The State of the state
By MICHAEL D. KLEMENS
Few disputed the difficult financial situation that Illinois state government faced this spring. There was no agreement on the cause of the problem. Many tagged overspending as the culprit, while a vocal minority — union members, human service providers and state employees — argued that Illinois' problems stemmed from a revenue shortage. It was like a low calorie beer commercial with part of the crowd chanting "less spending" and part chanting "more money."
The fiscal crisis and the debate highlighted the central question of state
finance: Does Illinois have a revenue problem or a spending problem?
First, a quick budget review. The state fiscal year begins July 1, ends the follow ing June 30 and is named for the June in which it ends. Fiscal year 1984, for exam pie, began July 1, 1983, and ended June 30, 1984. Revenues for that fiscal year are whatever the state collects between July and June 30 (12 months).
Spending is more complex. Appropriations (spending authority) are contained in bills passed by the General Assembly and signed by the governor. Appropriations for a fiscal year can be spent both in that fiscal year and, in most cases, during the first three months (July, August and September) of the next fiscal year — the lapse period.
State spending for a given fiscal year cannot be determined until the conclusion of the three-month lapse period. The result is 15 months worth of spending based on 12 months of revenues.
The table illustrates 12-month revenues and 15-month spending. Revenues increased each year, some years a lot because of economic growth and new taxes and some years a little because of tax cuts or economic contraction. In fiscal year 1982 a slowing economy slowed revenue growth; in fiscal year 1984 tax increases sparked $1.2 billion in revenue growth; in fiscal year 1986 revenue growth slowed again when the temporary income tax increase expired.
Likewise, 15-month spending grew each year, with one exception. Two years of recession forced a $10 million drop in spending for fiscal year 1983.
One striking aspect is that while revenues rose $6.9 billion (109 percent) between 1978 and 1991, spending rose $7.4 billion (118 percent). The pattern of spending rising faster than revenues holds for eight of the 13 years since fiscal 1978.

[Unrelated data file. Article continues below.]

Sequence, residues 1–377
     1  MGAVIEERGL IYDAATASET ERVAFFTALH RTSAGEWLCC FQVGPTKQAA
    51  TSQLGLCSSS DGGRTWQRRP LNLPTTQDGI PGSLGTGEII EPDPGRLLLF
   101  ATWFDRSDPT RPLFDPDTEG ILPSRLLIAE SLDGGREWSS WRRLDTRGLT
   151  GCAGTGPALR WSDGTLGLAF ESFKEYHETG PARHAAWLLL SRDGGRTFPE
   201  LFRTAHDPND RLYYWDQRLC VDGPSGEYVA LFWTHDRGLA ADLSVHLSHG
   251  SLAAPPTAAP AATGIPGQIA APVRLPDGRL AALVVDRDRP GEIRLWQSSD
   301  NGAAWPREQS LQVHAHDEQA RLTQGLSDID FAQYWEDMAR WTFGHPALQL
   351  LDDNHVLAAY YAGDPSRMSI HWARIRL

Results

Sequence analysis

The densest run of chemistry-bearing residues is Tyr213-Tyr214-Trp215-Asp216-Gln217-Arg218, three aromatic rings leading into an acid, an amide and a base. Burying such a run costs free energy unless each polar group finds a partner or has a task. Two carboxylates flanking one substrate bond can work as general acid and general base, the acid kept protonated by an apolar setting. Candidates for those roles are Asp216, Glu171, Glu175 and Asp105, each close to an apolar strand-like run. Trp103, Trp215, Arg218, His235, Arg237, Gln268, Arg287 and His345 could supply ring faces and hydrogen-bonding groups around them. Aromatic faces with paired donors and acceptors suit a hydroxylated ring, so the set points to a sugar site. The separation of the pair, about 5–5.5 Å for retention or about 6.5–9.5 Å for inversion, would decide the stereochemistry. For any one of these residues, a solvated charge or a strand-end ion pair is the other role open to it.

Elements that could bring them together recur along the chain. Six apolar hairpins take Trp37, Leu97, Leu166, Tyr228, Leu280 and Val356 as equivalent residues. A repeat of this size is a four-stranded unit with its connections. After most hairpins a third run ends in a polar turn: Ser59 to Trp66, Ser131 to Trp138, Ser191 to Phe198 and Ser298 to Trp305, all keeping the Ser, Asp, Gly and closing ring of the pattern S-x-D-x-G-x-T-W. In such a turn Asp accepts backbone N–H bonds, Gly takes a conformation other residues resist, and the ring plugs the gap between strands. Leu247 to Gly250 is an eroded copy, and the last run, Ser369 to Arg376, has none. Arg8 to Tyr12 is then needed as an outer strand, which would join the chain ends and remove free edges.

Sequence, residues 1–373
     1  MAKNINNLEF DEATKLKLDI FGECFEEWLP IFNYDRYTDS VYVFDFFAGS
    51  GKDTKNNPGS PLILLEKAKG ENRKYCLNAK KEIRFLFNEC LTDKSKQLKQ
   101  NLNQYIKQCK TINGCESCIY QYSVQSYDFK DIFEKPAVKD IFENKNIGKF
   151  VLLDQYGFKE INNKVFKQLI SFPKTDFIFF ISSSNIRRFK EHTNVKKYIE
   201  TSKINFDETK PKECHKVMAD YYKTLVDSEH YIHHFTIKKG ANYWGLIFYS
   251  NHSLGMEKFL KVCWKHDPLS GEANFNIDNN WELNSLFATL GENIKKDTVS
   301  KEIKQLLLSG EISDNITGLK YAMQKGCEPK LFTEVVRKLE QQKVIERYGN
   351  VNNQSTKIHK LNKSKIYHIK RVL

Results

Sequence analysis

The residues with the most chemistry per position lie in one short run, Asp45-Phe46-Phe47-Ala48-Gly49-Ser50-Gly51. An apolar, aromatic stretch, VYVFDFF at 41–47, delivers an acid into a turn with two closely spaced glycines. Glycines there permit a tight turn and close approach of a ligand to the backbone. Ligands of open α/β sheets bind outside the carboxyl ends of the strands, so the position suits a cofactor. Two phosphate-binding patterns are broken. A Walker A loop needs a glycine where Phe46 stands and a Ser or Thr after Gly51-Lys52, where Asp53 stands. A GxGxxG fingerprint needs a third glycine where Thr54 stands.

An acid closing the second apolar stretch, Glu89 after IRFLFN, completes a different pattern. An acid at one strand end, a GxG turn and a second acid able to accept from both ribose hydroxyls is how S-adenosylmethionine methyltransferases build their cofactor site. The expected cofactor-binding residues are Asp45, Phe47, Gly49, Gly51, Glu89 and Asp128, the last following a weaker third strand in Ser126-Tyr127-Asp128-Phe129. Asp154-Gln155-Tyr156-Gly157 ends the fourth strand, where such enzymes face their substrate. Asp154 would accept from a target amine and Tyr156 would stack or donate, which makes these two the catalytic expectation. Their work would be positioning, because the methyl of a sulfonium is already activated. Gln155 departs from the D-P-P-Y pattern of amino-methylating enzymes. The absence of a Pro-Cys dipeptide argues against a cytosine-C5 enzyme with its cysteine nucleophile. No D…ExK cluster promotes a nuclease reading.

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That is a neat trick. How has Illinois managed to increase spending faster than it increased revenues? The answer is that increasingly the state shifted spending past June 30, into the three-month lapse period. Such postponements artificially inflate the June 30 cash balance, the number upon which attention is focused, confusing the fiscal situation.
Before fiscal year 1986 there was only one year in which 15-month spending greatly exceeded revenues: the fiscal crisis year of 1982. In the six fiscal years beginning with fiscal year 1986, spending outstripped revenues four times.
The other factor that must be considered is inflation. The implicit price deflator for state and local government purchases of goods and services, a U.S. government measure of the increase in the cost of things that governments buy, increased by a factor of 2.11 between 1978 and 1991. The deflator's overall increase was 111 percent, slightly higher than the 109 percent growth in revenues and slightly less than the 117 percent growth in spending.
Put another way, total general funds revenues would have needed to grow an additional $100 million just to keep up with inflation between 1978 and 1991. Over the same period, state spending rose about $380 million more than would have been needed to meet inflation.
Does Illinois face a spending problem or a revenue problem?
Back to our original question: Does Illinois face a spending problem or a revenue problem? Revenues have grown more slowly than inflation over the last 14 years. And that comes despite two temporary income tax increases and a permanent hike in the sales tax. At the same time, Illinois is spending more than it takes in. Illinois has pushed spending to the limit, more often than not exceeding revenues when counted on a 15-month basis.
And that is our answer. Illinois has both a revenue and a spending problem. The "more money" crew can, and will argue, that revenue growth has trailed inflation. And the "less spending" crowd can, and will, maintain that state spending needs to be contained. You can bet a cold brew on it.
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